Byrne believes the success of these projects will make construction of the dome more likely.
As it turned out, the success of those other projects helped make the dome unnecessary. But the proposal never really died for several years.
The state never got serious traction on its bid for the Winter Olympics, removing the last external driver on the project. The dome became a political issue in 1988, when a Eugene legislator decided to make a flabbergasting push for the project. But by 1989, the projected cost had ballooned to first $21 million, then $30 million, and not even the combined support of the mayors of Eugene and Springfield and the local legislative team could get it going; at this point even Byrne had moved on. And as late as 1993, Eugene city councilman Bobby Green, who played at Oregon in the early 70s, was interested in combining the dome project with a bowl game hosted by the university. By then, Byrne had moved on to Nebraska; he’s now the AD at Texas A&M.
Even though it wasn’t a financially sound or logistically sane idea — ever — it’s hard to make a dream go away.
Then, 1994 happened, Phil Knight hitched his star to the Duck wagon, the facilities went from worst-to-first, and eventually Byrne’s Folly was forgotten.
To Byrne, of course, the whole dome debacle was water off an erstwhile duck’s back. (It wasn’t the last time he’d throw himself under the Oregon bus for a concept. In 1988, he campaigned hard for a .01 tax on beer and cigarettes, with the proceeds dedicated to collegiate athletics; the ballot measure was crushed like an emptie at the polls.)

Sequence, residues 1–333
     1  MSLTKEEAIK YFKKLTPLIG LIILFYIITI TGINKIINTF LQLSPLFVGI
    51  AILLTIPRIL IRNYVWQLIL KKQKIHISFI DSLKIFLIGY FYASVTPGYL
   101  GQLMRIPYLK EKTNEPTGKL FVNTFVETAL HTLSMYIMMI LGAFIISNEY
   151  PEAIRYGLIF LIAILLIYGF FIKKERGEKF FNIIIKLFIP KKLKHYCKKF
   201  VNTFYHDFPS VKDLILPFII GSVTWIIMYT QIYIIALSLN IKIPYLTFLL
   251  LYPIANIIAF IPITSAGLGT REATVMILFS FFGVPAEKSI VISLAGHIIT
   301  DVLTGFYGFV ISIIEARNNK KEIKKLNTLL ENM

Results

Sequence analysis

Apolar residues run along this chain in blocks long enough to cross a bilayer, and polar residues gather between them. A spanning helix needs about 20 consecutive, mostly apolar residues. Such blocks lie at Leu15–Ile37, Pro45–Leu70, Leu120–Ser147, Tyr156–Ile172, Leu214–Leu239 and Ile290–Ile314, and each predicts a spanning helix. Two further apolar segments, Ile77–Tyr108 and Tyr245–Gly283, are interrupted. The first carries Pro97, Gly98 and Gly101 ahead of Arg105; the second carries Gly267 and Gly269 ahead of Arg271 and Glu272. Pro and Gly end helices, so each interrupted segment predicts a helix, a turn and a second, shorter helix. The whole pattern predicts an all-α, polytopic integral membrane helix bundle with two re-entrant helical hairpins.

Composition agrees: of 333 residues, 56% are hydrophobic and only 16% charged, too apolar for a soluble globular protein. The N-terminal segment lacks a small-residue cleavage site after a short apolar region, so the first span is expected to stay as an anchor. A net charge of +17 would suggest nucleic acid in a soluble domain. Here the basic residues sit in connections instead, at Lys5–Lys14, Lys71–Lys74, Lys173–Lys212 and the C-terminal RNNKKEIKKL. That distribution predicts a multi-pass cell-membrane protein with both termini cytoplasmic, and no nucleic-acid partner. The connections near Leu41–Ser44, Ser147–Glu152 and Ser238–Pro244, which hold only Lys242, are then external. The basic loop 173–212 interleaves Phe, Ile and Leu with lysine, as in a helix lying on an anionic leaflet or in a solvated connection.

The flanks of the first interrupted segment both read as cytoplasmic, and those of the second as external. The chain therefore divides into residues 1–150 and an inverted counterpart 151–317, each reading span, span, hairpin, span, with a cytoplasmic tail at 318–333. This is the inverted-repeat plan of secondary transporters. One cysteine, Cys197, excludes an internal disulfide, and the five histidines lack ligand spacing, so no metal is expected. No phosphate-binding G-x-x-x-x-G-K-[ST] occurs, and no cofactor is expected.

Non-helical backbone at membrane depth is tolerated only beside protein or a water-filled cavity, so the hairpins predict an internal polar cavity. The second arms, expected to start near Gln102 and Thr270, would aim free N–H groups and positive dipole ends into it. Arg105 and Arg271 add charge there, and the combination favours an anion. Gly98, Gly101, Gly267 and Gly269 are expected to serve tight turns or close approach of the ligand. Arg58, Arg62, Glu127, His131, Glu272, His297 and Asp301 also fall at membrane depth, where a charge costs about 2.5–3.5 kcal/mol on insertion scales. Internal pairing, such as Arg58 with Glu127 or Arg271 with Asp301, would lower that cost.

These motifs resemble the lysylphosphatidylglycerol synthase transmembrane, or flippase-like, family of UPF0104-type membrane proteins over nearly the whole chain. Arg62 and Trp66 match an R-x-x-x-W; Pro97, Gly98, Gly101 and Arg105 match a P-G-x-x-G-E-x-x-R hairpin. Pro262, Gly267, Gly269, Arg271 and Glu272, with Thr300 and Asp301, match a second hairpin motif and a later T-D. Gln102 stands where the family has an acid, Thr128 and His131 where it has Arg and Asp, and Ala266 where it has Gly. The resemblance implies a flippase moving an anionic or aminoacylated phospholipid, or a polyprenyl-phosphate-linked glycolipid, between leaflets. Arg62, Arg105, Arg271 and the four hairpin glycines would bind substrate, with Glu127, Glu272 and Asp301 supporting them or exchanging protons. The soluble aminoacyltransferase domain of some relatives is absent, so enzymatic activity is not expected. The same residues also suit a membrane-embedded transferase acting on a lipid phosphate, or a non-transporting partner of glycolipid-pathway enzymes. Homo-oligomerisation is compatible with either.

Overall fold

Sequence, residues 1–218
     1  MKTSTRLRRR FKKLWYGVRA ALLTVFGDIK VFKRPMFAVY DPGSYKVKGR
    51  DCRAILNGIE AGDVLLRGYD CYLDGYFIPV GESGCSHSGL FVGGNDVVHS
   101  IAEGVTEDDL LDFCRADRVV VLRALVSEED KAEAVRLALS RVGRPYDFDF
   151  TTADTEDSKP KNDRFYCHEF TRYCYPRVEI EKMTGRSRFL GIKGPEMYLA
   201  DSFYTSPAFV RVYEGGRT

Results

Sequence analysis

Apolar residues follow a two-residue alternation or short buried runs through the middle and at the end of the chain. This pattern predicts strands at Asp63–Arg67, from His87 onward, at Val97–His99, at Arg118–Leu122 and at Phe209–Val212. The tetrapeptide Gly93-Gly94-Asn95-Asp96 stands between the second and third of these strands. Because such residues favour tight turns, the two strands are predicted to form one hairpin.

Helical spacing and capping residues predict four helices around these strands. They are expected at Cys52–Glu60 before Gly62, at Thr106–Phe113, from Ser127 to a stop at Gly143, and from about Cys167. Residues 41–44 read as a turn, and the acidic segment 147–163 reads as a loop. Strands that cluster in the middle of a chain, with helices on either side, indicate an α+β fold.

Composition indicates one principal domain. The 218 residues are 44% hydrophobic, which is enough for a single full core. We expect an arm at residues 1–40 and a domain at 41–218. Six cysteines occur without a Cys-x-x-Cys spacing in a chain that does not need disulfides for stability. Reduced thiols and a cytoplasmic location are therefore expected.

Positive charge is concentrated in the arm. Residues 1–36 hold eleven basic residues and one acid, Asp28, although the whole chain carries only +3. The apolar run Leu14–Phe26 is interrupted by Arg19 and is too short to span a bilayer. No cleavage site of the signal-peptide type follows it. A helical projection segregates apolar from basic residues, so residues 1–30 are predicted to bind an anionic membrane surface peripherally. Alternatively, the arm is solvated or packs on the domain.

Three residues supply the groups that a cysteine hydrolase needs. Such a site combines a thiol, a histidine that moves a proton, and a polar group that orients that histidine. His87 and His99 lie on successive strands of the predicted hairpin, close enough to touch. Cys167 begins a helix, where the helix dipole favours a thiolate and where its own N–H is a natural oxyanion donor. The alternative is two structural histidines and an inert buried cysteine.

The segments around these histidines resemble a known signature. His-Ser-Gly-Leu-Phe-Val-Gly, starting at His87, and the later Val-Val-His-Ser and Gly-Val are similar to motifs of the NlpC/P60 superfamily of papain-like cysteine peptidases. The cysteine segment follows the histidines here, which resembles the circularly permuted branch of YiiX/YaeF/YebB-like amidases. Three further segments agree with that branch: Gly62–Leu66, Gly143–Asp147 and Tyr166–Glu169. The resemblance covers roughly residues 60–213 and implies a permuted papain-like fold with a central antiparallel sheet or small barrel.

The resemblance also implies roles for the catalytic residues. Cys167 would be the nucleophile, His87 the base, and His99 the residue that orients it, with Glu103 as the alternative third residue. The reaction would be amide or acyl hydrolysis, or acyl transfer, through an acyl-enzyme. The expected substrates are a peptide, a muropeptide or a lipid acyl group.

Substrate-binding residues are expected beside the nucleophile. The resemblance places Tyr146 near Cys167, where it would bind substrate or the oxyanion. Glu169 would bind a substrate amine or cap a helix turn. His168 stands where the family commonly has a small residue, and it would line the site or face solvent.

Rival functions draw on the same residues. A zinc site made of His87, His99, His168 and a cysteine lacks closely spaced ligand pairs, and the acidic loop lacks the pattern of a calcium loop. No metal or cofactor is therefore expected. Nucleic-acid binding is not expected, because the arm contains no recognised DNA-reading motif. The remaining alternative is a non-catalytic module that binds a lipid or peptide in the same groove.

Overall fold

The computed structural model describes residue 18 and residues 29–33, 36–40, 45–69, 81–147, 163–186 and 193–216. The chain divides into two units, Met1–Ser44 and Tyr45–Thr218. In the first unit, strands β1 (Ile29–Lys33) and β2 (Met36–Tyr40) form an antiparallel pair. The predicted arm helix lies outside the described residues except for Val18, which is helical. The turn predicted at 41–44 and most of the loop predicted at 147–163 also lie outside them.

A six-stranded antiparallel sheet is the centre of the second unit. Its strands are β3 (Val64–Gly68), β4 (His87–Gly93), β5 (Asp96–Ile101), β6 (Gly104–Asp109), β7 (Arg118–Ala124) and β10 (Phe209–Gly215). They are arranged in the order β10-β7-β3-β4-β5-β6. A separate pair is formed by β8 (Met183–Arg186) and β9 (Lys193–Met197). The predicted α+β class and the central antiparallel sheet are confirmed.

What of the dreaded Rain Theory, that Byrne blamed for costing the school thousands of dollars annually? After the Cal game in 1985, nobody could remember rain during an Oregon game until at least 1994, when there was a drizzle during the Arizona State contest in early November. Attendance for ASU was 41,693 — three empties short of a sell-out. Maybe those last three seats would have been taken on a sunny day; we’ll never know.
Ultimately, the problem with the project became obvious: When it was thought to be needed, Oregon couldn’t afford it. When the football fortunes turned, not only was it was no longer needed, the entire concept was considered absurd. Fans of a successful team don’t need to be motivated by the prospect of staying dry to attend games. And, as anyone who’s seen a late-season contest in the Carrier Dome recently can attest, a half-filled dome seems even lonelier than an open-air one.
Bill Byrne accomplished much to be remembered by, and the fact that hardly anyone recalls the dome project today is testimony to his legacy. During his tenure the athletic department made almost $19 million in physical improvements to UO athletic facilities, starting with the football practice fields across then-Centennial Blvd from Autzen, and ending with the Cas Center. Byrne rolled the dice on that first Independence Bowl bid, laying up-front cash for 14,000 tickets to secure the game because he knew you couldn’t get to a second bowl until you’d made the first one. Those dreaded paycheck games came to an end under Byrne’s watch, as did smoking in the stands, and — ironically — the use of umbrellas. And the Oregon Sports Network? Credit, or blame, Byrne for that concept as well.
Bill Byrne, the big thinker, can be forgiven for his dream.
And, anyway, it never rains at Autzen Stadium.